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REF10 Nano

This review first appeared in March 2024 on By request of the manufacturer and permission of the author, it is hereby syndicated from the German original to reach a broader English audience. Ed.

Writer: Nick Mavridis
Analog sources: Thorens TD-316 MkII with Nagaoka MP-110
Digital sources: Lavry DA-11, Merging Technologies HAPI (AD/DA converter), Rega Apollo

Integrated amplifier: Rega Mira
Power amplifier: Abacus Electronics 60-120D Dolifet
Loudspeakers: Harbeth Super HL5 Plus XD, Genelec 8010A, JBL Control 1C, Piega TMicro 5, Vogel Custom Blue, Vogel Custom White
Listening room: 51m², 2.3m ceiling
Review component retail price: €1'999

Clocking significantly influences digital-to-analog conversion's quality. Like a metronome, it determines at exactly what times the data stream conversion is clocked. The more precise this process is because the clock's beat fluctuations diminish, the better the result. This clock function usually implements in our digital devices themselves but there are also external reference clock generators like today's Mutec REF10 Nano. It's the Berlin firm's latest 10MHz clock generator. At €1'999, it's significantly cheaper than their REF10 or REF10 SE120 we reviewed already. While a conventional word clock equals direct sample rate, Nano outputs 10MHz significantly beyond all PCM sample rates (only DSD occurs in the megahertz range). The advantage of 10MHz generators is, among other things, higher accuracy and above all, lower phase noise. 10MHz clocks originated outside our hifi sector. They show up in telecommunications systems and in GPS satellites where they have a direct influence on positional accuracy.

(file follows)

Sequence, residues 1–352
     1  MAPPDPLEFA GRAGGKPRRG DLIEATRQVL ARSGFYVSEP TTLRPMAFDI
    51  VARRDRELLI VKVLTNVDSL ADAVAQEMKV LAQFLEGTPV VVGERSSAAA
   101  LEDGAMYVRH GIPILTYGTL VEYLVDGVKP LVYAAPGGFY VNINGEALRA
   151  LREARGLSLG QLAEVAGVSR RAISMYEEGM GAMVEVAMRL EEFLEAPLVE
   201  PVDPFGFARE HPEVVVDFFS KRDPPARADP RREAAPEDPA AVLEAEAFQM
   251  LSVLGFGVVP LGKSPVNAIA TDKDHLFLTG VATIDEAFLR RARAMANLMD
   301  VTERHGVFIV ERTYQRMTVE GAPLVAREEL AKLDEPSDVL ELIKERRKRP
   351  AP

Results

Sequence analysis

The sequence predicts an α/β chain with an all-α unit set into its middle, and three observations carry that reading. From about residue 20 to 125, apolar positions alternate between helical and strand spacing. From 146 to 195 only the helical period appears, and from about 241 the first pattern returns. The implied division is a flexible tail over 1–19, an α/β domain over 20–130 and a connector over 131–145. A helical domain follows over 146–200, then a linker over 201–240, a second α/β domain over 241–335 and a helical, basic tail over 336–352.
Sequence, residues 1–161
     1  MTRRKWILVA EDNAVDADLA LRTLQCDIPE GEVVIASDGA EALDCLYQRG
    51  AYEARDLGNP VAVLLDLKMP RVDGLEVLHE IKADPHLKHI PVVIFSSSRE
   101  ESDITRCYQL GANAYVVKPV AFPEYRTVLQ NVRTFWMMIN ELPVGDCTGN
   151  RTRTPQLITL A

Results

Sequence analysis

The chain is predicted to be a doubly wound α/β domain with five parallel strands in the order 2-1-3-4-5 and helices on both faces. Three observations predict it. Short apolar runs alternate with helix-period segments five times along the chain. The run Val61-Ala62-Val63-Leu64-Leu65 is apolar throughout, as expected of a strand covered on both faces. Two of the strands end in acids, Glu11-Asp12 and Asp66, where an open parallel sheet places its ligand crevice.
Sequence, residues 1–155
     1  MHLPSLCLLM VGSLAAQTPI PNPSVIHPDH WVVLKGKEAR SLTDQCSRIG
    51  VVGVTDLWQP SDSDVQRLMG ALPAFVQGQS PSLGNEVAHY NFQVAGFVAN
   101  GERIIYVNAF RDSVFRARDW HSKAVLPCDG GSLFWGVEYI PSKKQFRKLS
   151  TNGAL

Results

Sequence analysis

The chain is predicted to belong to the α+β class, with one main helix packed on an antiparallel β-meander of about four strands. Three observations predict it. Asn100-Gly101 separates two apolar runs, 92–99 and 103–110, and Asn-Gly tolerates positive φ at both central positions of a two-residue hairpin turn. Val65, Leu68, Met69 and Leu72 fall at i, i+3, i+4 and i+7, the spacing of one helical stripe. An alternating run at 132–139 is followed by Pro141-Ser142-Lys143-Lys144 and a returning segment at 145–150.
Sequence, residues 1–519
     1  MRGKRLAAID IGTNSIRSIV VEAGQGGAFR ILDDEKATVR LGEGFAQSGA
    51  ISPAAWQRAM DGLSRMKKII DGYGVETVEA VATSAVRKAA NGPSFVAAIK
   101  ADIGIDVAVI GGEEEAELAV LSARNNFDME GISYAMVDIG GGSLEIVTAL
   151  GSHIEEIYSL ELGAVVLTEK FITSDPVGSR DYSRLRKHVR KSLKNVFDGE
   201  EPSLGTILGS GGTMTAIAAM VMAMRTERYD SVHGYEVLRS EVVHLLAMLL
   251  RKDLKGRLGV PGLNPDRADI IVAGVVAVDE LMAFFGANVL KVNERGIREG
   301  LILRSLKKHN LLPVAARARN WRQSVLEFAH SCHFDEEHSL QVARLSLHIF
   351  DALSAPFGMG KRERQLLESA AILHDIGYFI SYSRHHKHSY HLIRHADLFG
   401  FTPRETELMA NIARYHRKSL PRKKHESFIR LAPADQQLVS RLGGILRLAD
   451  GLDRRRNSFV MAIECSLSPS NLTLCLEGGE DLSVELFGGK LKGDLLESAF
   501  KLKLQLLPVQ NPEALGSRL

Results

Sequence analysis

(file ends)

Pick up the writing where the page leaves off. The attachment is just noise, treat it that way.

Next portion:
Mutec maintain a list of currently available audio devices with 10MHz clock inputs here. For devices without dedicated 10MHz port, prior clock signal conversion to a standard audio sample rate is necessary. So Mutec provided me also with a €1'399 MC3+ USB whose full title Synchronizable Digital Audio Master Clock & Audio Re-Clocker & USB Interface says it all. The Mutec MC3+ USB can do a lot, especially reclocking, but my test of Nano largely limited this 2nd device to converting Nano's 10MHz clock output to 44.1 – 384kHz clock signal.

Although caesium and rubidium aka atomic clocks exist, Mutec argue that they shine more where long-term stability rules supreme. Across the ultra-short time range relevant for audio, team Berlin see so-called OCXO as having the advantage because their pulse-to-pulse deviation aka jitter is particularly small. OCXO is short for oven-controlled crystal oscillator and preheating the clock in a controlled environment eliminates subsequent fluctuations due to ambient temperature changes. Nano's measurement values are more than impressive. As a proper German engineering-first company, Mutec refrain from exaggeration and embellishment to publish honest and comprehensive test data. Their figures on frequency stability, phase noise and aging should be beyond doubt. Their clock output tracks a strictly symmetrical square wave signal. According to Mutec, theirs is blessed with particularly steep slopes and very low overshoot to minimize clock jitter for better sound.

As befits a masterclock, Nano needs few controls. The 'select' control activates individual BNC sockets, two at 50Ω, two at 75Ω. Those expect cables of matching characteristic impedance to avoid signal reflections. Mutec's list itemizes this impedance where known, otherwise inquire with the maker of your kit. The power IEC accepts 85 to 305VAC at 50/60Hz. Alternatively there's a 15VDC port for an external power supply. Next to the frontal power switch we see two LED for which power source is active. The 'ready' LED tracks the OXCO's warm-up protocol which takes ~5 min. to achieve frequency stability. All this was well and good but how about sonic effects? My Rega Apollo CD player lacks a clock input but I had a variety of other components to compare their internal to Mutec's external clock via the MC3+ USB then with/out upstream Nano.